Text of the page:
Who Do You Hold Responsible in a Maryland Truck Accident Case?
Thomas Pyles | September 23, 2021
Most car accident cases are relatively straightforward – the injured driver will pursue a claim against the at-fault driver and their insurance companies. One of the things that makes truck accidents complex is that it isn’t always easy to identify who should be held liable, especially for non-lawyers. If you have been injured in a truck accident, a Laurel truck accident attorney can identify who should be held accountable for your losses.
Understanding Vicarious Liability
Vicarious liability is a legal concept that allows an injured party to hold one person or entity responsible for the actions of another, such as holding an employer liable for the actions of their employee. In order for the doctrine of vicarious liability to apply, however, the agent needs to have been acting at the direction of their superior and to the superior’s benefit. To put it another way and in the context of an employer-employee relationship, the agent must have been acting within the scope of their employment.
How a Truck Accident Attorney Can Hold the Trucking Company Liable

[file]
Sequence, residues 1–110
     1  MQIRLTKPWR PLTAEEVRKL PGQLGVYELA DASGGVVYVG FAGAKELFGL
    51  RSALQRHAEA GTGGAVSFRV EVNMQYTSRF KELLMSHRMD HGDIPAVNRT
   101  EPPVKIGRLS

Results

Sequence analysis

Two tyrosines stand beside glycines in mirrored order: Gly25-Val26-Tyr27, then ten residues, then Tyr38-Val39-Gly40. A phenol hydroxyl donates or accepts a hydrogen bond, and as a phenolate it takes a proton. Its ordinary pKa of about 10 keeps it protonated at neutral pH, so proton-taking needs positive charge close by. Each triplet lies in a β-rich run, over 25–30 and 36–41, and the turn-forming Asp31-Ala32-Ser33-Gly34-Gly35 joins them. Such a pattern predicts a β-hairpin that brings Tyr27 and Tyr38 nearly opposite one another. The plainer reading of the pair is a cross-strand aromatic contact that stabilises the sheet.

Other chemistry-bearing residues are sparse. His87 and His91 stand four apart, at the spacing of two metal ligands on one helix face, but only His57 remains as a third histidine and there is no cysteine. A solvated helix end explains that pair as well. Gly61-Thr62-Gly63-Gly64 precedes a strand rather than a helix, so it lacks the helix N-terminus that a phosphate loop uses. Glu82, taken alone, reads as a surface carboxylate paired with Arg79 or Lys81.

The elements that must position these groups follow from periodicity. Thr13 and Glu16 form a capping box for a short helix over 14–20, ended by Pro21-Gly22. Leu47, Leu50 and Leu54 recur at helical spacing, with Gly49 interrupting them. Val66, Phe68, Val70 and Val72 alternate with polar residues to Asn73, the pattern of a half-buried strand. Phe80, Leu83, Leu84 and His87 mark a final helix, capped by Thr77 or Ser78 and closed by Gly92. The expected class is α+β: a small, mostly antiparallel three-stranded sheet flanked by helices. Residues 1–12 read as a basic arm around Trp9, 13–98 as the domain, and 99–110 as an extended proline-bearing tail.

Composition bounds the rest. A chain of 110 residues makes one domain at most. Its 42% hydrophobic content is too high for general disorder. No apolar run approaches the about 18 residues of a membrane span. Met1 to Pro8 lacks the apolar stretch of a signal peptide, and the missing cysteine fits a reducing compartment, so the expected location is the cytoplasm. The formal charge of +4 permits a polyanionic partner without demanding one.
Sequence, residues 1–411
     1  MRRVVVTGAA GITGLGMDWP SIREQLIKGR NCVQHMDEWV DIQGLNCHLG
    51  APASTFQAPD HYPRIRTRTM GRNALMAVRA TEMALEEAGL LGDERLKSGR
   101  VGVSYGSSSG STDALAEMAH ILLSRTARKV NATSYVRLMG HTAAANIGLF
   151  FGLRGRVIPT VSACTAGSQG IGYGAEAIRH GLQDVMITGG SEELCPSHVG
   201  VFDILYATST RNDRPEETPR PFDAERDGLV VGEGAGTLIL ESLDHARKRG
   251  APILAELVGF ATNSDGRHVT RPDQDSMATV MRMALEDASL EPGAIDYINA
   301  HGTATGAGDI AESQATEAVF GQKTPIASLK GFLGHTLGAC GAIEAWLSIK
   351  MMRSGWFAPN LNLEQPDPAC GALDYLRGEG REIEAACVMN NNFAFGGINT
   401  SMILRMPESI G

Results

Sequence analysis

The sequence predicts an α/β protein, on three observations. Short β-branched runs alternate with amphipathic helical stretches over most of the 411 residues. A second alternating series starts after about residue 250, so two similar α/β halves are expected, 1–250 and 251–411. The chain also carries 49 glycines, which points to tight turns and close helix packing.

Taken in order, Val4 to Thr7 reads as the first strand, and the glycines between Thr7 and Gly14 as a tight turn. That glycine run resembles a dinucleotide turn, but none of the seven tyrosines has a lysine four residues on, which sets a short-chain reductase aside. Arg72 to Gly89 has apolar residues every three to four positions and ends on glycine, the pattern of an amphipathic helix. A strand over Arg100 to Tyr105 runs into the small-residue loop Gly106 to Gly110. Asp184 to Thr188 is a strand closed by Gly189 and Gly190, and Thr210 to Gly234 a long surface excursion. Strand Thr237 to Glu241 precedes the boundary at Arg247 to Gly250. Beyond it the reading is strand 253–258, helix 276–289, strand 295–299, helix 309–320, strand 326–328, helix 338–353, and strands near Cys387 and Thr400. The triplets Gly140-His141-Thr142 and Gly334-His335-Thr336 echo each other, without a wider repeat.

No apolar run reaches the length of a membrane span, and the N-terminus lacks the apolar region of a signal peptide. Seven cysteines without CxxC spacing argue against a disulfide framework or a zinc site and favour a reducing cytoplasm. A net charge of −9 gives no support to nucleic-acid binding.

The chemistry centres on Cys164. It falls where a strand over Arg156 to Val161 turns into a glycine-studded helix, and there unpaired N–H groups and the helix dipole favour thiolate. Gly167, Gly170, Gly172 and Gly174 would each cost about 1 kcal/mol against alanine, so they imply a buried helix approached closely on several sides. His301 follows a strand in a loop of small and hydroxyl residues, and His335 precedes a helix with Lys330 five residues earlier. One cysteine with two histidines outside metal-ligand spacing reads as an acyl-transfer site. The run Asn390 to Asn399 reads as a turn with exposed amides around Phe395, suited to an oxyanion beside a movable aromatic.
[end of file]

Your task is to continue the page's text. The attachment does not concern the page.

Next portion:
In the context of a truck accident, this means that you may be able to hold the trucking company liable for the negligence of the driver provided that the driver was driving as part of his job. For example, a truck driver who is speeding while making a delivery for his employer would clearly be driving within the scope of his employment. On the other hand, a truck driver who is off the clock and gets in an accident while driving his truck while on a personal errand would arguably not be driving within the scope of his employment.
If you can prove that the driver was driving within the scope of his employment, then you may be able to hold the trucking company liable for your injuries. In many cases, this may not be difficult to prove, but it can be complicated in others. Proving liability is highly fact-specific, but an experienced Laurel truck accident attorney will know how to prove your case.
Many trucking companies try to shield themselves from liability by hiring their drivers as independent contractors. While this may complicate your case, it does not mean that you cannot pursue a claim against the trucking company. These types of arrangements often raise questions as to whether the independent contractor is actually an employee. And while employers cannot be held liable for the actions of independent contractors as a general rule, Maryland law does recognize an exception where the trucking company may exert significant control over the actions of the driver. If the truck driver in your case is claiming to be an independent contractor, the best thing to do is contact a Laurel truck accident attorney for help as soon as possible.
Contact Laurel Truck Crash Attorney Thomas E. Pyles Today
With over 30 years of experience, Laurel truck accident attorney Thomas E. Pyles knows how to navigate the complexities of your case so that you can get fair compensation for your injuries. Contact us today to schedule a free consultation to discuss your case and how we can help.